Leader magazineASCL - Association of School and College Leaders

In the news

Unfair influence

In a Radio 4 Today interview following the announcement of the end of Key Stage 3 tests, Ed Balls was accused of giving into "a powerful lobby of secondary heads".

Presenter Sarah Montague said: "The argument I'm putting forward is that you seem to listen to the unions of headteachers of secondary schools more than you listen to those of primary."

Ed Balls denied this, adding that the remark was unfair to the "primary school heads' association". However he reiterated that he didn't agree with the NAHT's campaign to end tests at age 11.

Compulsory PSHE

ASCL spoke out against the DCSF's decision in October to make PSHE mandatory. "Regrettably, governments have a horrible habit of making more and more things compulsory and increasing the constraints on state schools," said John Dunford in the Guardian, Independent, BBC Online, East Anglian Times, Eastern Daily Press, Western Morning News, Yorkshire Post, Western Mail and Hull Daily Mail.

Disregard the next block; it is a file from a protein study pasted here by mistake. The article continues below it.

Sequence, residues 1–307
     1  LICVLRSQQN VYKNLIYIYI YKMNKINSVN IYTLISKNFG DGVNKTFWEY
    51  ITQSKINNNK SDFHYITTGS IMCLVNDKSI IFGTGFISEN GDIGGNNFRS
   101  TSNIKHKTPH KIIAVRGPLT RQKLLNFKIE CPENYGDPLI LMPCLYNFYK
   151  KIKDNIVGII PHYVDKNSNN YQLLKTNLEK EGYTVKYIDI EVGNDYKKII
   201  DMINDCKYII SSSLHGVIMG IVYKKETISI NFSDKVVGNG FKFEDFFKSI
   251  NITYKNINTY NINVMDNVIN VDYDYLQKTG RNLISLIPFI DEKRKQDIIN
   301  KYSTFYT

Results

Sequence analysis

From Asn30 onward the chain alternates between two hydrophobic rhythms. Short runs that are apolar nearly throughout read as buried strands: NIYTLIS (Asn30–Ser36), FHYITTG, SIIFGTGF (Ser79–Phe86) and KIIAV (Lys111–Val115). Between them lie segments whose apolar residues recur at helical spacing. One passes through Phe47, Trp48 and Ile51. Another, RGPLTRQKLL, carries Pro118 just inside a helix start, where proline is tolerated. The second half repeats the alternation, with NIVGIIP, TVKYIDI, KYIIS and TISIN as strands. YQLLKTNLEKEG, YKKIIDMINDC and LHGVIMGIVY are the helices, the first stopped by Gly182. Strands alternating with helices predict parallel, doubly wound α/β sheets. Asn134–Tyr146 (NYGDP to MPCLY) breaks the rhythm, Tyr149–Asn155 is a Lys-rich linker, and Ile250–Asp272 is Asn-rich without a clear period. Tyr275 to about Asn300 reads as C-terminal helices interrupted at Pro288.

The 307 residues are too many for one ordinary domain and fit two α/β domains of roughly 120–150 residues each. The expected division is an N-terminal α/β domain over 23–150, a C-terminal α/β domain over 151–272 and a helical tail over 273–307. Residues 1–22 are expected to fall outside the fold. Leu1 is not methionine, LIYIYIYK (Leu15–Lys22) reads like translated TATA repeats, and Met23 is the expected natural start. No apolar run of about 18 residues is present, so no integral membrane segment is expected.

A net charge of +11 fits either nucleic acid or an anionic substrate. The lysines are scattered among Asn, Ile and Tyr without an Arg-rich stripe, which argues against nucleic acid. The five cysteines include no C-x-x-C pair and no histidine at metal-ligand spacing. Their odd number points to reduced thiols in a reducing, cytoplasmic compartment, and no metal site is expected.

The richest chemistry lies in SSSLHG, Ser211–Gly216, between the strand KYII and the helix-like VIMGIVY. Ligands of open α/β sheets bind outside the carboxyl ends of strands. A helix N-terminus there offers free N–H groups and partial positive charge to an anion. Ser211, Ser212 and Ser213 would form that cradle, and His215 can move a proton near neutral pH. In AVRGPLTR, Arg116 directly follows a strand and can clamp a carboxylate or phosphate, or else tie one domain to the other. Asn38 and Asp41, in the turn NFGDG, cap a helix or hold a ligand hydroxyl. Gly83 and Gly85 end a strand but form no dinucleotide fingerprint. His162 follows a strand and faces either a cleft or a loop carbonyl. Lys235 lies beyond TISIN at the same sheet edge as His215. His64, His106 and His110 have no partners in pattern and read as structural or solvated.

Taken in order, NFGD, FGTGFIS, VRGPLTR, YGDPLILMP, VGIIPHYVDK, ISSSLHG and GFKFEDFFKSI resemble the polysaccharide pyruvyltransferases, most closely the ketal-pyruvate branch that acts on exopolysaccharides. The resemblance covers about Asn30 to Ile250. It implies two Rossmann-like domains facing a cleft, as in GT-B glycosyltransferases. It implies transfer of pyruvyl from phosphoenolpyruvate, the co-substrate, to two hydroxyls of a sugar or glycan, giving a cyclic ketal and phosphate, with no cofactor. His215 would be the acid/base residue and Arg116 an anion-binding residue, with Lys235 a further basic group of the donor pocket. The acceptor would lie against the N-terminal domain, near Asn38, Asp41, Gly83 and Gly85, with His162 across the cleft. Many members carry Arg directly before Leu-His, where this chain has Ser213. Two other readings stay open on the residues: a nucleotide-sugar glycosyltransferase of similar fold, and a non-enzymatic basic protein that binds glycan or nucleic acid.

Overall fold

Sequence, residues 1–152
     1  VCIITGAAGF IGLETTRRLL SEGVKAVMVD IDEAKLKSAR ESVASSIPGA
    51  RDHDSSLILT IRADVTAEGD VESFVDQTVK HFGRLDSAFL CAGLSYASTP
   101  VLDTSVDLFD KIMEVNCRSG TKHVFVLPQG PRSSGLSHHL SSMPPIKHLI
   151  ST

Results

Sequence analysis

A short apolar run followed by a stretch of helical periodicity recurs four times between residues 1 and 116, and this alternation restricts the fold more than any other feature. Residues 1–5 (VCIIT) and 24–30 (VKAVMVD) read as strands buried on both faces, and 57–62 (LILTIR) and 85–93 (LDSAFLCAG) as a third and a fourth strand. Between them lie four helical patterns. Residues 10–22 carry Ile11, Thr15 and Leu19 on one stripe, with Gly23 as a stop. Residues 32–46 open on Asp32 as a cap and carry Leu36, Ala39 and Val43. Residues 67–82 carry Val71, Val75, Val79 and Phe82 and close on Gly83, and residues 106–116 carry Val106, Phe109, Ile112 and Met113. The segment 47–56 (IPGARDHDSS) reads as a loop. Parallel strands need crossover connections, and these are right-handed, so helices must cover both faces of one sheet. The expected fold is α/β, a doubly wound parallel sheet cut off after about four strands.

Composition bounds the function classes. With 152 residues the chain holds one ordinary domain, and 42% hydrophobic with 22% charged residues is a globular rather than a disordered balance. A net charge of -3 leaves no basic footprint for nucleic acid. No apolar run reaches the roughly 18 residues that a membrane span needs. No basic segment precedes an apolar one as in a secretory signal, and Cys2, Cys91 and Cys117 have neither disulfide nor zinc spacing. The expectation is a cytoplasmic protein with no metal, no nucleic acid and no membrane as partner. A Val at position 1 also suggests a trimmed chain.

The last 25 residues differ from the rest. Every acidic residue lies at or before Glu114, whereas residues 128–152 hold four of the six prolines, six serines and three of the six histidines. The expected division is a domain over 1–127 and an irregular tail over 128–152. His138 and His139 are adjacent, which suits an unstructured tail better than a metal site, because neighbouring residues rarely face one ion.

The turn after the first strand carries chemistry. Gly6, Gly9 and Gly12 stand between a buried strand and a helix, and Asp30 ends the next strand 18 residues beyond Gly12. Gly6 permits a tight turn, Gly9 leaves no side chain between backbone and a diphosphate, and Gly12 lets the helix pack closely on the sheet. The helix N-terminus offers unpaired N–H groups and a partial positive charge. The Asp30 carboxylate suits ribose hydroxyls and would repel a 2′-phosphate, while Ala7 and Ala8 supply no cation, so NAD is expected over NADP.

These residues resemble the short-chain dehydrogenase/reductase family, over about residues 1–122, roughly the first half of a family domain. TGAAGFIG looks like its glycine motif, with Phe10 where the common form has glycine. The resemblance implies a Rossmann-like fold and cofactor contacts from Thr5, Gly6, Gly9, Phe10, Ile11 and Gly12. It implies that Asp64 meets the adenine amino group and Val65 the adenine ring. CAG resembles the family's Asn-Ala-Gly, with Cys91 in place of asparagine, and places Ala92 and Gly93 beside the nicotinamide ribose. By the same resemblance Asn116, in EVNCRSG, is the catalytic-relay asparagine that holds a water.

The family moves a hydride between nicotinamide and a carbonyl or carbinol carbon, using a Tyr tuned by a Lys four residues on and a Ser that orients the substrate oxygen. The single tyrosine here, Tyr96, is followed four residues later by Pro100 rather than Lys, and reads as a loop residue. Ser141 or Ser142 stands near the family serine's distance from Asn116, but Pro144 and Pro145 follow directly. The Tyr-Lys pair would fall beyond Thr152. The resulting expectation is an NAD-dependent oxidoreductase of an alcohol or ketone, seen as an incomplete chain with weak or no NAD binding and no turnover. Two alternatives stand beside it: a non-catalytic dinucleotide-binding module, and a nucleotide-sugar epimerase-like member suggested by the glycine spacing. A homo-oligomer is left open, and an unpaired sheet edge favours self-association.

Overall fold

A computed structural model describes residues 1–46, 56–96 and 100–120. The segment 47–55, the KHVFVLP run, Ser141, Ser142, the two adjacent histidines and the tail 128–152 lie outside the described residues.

Commenting on the latest exclusion figures in October, John Dunford said on Radio 4's Today programme that there was more support from government for heads who took a tough line on behaviour but that better provision was needed for troubled young people.

John pointed out the "moral dilemma that headteachers face between the detrimental impact that occurs to the education of others if a disruptive child is kept in the school, as against the damage that can be done to that child by being permanently excluded."

The October figures showed that temporary exclusions were up and permanent exclusions down.

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